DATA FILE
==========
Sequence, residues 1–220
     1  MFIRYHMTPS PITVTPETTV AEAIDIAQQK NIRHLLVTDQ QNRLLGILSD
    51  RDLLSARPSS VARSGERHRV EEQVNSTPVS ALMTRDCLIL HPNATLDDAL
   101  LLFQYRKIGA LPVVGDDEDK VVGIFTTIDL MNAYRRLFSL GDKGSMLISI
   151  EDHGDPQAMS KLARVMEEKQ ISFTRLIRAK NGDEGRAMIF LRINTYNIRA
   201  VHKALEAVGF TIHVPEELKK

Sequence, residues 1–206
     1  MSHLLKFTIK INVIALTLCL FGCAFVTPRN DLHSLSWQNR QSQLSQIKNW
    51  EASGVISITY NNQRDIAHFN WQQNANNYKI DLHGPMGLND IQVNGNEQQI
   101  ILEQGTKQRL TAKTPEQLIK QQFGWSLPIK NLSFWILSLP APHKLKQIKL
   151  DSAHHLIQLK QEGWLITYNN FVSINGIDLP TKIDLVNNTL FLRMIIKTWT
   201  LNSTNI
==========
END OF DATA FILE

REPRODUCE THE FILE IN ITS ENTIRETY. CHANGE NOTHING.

Sequence, residues 1–220
     1  MFIRYHMTPS PITVTPETTV AEAIDIAQQK NIRHLLVTDQ QNRLLGILSD
    51  RDLLSARPSS VARSGERHRV EEQVNSTPVS ALMTRDCLIL HPNATLDDAL
   101  LLFQYRKIGA LPVVGDDEDK VVGIFTTIDL MNAYRRLFSL GDKGSMLISI
   151  EDHGDPQAMS KLARVMEEKQ ISFTRLIRAK NGDEGRAMIF LRINTYNIRA
   201  VHKALEAVGF TIHVPEELKK

Sequence, residues 1–206
     1  MSHLLKFTIK INVIALTLCL FGCAFVTPRN DLHSLSWQNR QSQLSQIKNW
    51  EASGVISITY NNQRDIAHFN WQQNANNYKI DLHGPMGLND IQVNGNEQQI
   101  ILEQGTKQRL TAKTPEQLIK QQFGWSLPIK NLSFWILSLP APHKLKQIKL
   151  DSAHHLIQLK QEGWLITYNN FVSINGIDLP TKIDLVNNTL FLRMIIKTWT
   201  LNSTNI